Think Again: Mission Accomplished? Really?

History has sped up, no question about it. Vietnam revisionism took decades. During Ronald Reagan's election in 1980, that multifaceted catastrophe became a "noble cause" that we could have won if we had just stuck with it over a period of about a decade. But Iraq revisionism has begun even before the war is over.

Newsweek has crazily used this past weekend's Iraqi election to declare "Victory At Last" over a photo of President Bush next to the justly infamous "Mission Accomplished" banner. The article is not nearly as foolish as the cover, but it is nevertheless comically Pollyannaish in its diehard commitment to wishful thinking. The authors write, "something that looks mighty like democracy is emerging in Iraq. And while it may not be a beacon of inspiration to the region, it most certainly is a watershed event that could come to represent a whole new era in the history of the massively undemocratic Middle East."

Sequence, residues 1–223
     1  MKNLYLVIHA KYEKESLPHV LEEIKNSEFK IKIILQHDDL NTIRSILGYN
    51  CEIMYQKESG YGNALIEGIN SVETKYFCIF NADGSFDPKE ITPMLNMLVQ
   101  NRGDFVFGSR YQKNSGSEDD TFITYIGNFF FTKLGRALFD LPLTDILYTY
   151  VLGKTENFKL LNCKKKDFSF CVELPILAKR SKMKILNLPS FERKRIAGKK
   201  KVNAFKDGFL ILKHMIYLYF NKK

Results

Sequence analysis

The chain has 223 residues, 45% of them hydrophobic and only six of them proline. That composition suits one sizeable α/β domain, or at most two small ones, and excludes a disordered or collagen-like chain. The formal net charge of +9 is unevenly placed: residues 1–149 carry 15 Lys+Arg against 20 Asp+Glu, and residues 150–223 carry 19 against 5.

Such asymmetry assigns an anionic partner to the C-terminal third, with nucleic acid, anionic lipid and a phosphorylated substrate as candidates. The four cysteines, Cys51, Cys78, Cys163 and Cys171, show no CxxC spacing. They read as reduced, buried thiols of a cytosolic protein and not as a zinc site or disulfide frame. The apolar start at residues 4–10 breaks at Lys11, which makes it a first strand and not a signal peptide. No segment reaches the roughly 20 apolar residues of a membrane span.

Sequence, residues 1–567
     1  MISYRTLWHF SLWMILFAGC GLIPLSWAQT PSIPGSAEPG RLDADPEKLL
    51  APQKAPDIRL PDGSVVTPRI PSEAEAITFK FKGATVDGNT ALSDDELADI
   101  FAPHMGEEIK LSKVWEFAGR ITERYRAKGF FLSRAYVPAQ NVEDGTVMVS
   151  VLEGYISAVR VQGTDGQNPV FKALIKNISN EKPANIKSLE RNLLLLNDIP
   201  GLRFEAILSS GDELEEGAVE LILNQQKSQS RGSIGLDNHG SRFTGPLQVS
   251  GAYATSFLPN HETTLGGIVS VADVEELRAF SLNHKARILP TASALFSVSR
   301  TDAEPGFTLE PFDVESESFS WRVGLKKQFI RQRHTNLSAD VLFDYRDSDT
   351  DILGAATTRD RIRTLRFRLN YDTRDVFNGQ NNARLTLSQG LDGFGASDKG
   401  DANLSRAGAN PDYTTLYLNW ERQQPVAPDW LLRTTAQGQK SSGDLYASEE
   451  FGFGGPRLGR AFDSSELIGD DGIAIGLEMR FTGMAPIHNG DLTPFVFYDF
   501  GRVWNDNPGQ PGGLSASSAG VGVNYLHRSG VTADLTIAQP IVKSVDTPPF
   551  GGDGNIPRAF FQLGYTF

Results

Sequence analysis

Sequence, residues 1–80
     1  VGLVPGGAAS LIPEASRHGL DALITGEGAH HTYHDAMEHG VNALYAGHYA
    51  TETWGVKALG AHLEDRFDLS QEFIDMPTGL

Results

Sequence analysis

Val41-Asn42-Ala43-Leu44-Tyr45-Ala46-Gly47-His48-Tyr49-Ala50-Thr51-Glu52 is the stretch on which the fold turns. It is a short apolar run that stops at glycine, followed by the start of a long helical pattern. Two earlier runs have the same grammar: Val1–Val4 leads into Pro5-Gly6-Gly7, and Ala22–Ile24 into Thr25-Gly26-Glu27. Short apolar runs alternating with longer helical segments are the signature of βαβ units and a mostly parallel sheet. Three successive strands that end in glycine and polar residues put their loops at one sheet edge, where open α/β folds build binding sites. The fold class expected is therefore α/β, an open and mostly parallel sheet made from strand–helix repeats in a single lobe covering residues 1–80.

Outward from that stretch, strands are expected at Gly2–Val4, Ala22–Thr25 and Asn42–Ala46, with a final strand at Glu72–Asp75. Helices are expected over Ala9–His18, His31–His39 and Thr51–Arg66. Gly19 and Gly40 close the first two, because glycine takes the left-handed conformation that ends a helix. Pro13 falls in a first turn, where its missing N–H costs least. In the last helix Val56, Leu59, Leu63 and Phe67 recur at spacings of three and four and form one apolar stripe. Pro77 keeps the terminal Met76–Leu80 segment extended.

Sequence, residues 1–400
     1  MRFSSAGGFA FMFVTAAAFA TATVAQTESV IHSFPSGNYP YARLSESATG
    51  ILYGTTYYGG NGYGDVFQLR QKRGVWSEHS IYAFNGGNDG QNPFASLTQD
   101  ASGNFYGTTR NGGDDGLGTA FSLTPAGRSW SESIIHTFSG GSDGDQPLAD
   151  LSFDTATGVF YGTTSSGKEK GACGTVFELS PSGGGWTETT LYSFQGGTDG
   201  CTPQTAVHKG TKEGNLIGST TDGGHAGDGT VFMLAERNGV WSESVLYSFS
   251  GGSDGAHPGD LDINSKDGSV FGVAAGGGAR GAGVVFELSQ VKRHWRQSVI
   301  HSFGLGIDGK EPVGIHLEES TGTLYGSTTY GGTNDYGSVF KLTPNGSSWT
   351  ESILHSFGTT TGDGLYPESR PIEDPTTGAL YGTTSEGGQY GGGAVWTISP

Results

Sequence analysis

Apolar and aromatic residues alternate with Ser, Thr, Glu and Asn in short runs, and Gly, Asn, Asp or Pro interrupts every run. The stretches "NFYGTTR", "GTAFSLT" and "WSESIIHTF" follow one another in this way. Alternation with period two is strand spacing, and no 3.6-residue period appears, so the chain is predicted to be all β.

The Newsweek story, however misleading, is serving as a kind of beachhead for similarly misguided pronouncements by people who cannot bear to admit how wrong they were to buy into the lies that delivered the United States -- and the Iraqi people -- into the morass of the past seven years. Nigel Biggar uses the pathetic tack in the Financial Times, for example, of comparing criticism of Iraq to fighting Hitler. Sure there were flaws, he writes, "Most just wars are flawed. Take the war against Nazi Germany," as if the need for one were somehow equivalent to the other.

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